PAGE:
Overton Road was made up, and the land heavily developed in the late 1950s/early 1960s. Before that there had been just the smattering of roughcast bungalows, ‘Dardan’ and ‘Arcadia’ among them, and a couple of substantial houses, ‘The Nursery’ and ‘Overton House’. The Harwood family owned both properties. It was Ann Harwood, daughter of Sydney and Beatrice Harwood, who was to become Reg’s bride. Reg was born in Homer Road, Hackney, in 1934. His parents moved to a house on the corner of Lee Road and Highlands Road, off Pound Lane, Bowers Gifford, when Reg was a toddler. Here, he had an idyllic childhood running free in the fields, and describes swimming in the 5′ deep world war two water filled tank traps near Sadlers Farm with his friends. They laid their clothes on top of a nearby concrete block house, and ran around to get dry after their swim before they put their clothes on. He describes world war two decoy defences on Pitsea marshes, which were often bombed as enemy planes followed the ribbon of the Thames. This left craters, and he swam in these too. Reg used to take a steam train from Pitsea to Benfleet (having bought a platform ticket!) and swim in Benfleet Creek.
Daytrip Charabancs full of Londoners on the return trip from Southend, who were often quite the worse for drink, would stop in Bowers Gifford at The Gun public house, and also at The Bull, where local children would congregate and cadge halfpennies and candy. Pound Lane had a dairy where the pet shop now stands, and you could get a pat of butter in greaseproof paper. The 3′ drainage ditches in Pound Lane flooded regularly, and Reg remembers seeing an enterprising soul rowing a boat in one. It was probably better than trying to walk up a muddy, rutted track.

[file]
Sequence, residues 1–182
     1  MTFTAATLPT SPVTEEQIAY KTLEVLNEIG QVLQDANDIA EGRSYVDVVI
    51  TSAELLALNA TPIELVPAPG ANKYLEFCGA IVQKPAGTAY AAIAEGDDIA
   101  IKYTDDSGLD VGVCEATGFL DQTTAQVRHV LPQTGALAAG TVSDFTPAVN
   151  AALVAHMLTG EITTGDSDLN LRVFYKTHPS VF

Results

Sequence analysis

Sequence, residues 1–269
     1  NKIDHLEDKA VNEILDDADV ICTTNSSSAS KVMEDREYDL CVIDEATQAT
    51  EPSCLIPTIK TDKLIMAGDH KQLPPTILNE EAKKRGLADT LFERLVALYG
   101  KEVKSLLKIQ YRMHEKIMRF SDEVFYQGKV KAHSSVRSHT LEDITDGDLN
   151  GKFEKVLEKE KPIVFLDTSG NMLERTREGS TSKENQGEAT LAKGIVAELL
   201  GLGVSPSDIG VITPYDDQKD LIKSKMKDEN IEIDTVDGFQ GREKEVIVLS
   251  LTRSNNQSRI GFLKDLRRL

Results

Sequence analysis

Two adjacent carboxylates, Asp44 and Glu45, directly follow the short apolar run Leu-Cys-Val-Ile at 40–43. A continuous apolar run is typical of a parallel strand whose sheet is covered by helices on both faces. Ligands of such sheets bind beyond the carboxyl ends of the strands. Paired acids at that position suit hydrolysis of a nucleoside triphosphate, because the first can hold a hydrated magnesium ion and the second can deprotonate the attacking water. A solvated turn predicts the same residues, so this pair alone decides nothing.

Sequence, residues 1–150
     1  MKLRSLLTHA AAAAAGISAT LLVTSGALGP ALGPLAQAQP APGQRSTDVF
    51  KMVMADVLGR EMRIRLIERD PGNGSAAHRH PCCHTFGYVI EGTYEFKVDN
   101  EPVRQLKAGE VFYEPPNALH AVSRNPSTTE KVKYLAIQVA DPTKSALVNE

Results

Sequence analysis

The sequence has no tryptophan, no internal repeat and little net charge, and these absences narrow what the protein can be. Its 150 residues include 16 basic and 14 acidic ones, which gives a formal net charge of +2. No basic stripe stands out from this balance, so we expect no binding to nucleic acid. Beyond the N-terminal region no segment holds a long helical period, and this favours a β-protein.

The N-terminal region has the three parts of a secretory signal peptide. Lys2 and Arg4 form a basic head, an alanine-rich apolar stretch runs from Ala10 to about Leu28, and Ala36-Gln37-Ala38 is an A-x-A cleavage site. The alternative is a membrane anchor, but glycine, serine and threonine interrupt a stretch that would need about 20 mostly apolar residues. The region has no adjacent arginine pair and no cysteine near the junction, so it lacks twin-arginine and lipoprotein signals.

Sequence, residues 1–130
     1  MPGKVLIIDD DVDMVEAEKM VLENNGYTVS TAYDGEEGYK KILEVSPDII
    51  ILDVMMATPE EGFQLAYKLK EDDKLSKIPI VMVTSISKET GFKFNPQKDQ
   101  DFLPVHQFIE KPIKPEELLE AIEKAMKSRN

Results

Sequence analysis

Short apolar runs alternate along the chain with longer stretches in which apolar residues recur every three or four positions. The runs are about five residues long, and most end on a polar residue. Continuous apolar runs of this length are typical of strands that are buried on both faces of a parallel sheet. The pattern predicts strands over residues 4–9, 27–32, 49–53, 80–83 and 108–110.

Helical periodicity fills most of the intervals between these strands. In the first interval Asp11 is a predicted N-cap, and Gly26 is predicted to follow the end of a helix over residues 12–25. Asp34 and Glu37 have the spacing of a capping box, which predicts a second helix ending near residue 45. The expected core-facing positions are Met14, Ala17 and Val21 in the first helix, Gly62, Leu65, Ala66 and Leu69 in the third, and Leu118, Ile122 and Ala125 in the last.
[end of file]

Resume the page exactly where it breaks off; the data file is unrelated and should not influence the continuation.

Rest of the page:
Reg attended the Church of England School in Bowers Gifford, nearly opposite the blacksmith’s forge, where Reg and his friends would liberate stray nails for use making holes in conkers. He was a choir boy and bellringer at St. Margaret’s Church, Bowers Gifford, and remembers Frank King the Churchwarden, who was also the local butcher in Rectory Road, Pitsea. Reg attended Craylands Senior School in Nevendon. In those days, a bicycle was a must-have, and Reg cycled everywhere. He also remembers playing on the railway track at Bowers Gifford and placing halfpennies on the track ‘to become pennies'(!) His parents would probably have had something to say if they had known.
Reg’s first job was at Stonecraft in Wickford, and then Mowlem Construction where he was the tea boy. In the early 1960s, Reg worked for Essex Carriers driving a seven ton Falcon lorry, and later a Bedford. His rudimentary test was to drive the lorry up Bread & Cheese Hill and back down Church Hill, and the verdict was, ‘Yes, you’ll be OK, boy!’ He walked to work at Essex Carriers through scrubland from Overton Road, past Mr. Lee’s Grocery Shop in Church Road. Mr. Lee would make up a shopping order, to be collected on the way home.
Reg Pusey and Ann Harwood met in Max’s Cafe (where Tesco Express now stands) at Great Tarpots in the early 1950s and married at St. Margaret’s Church Bowers Gifford in 1956. Reg remembers the shops of the time at Tarpots, – Aldersons Clothes Shop where the KFC now stands, Clifty’s Garage opposite, Glanfields on the opposite corner of Lambeth Road.
The couple moved into ‘Overton House’ which was next door to ‘The Nursery’. Their two sons, Vincent and Douglas, were born there. Both ‘Overton House’ and ‘The Nursery’ were demolished in the 1960s, and Reg had a new house built on the site in 1970.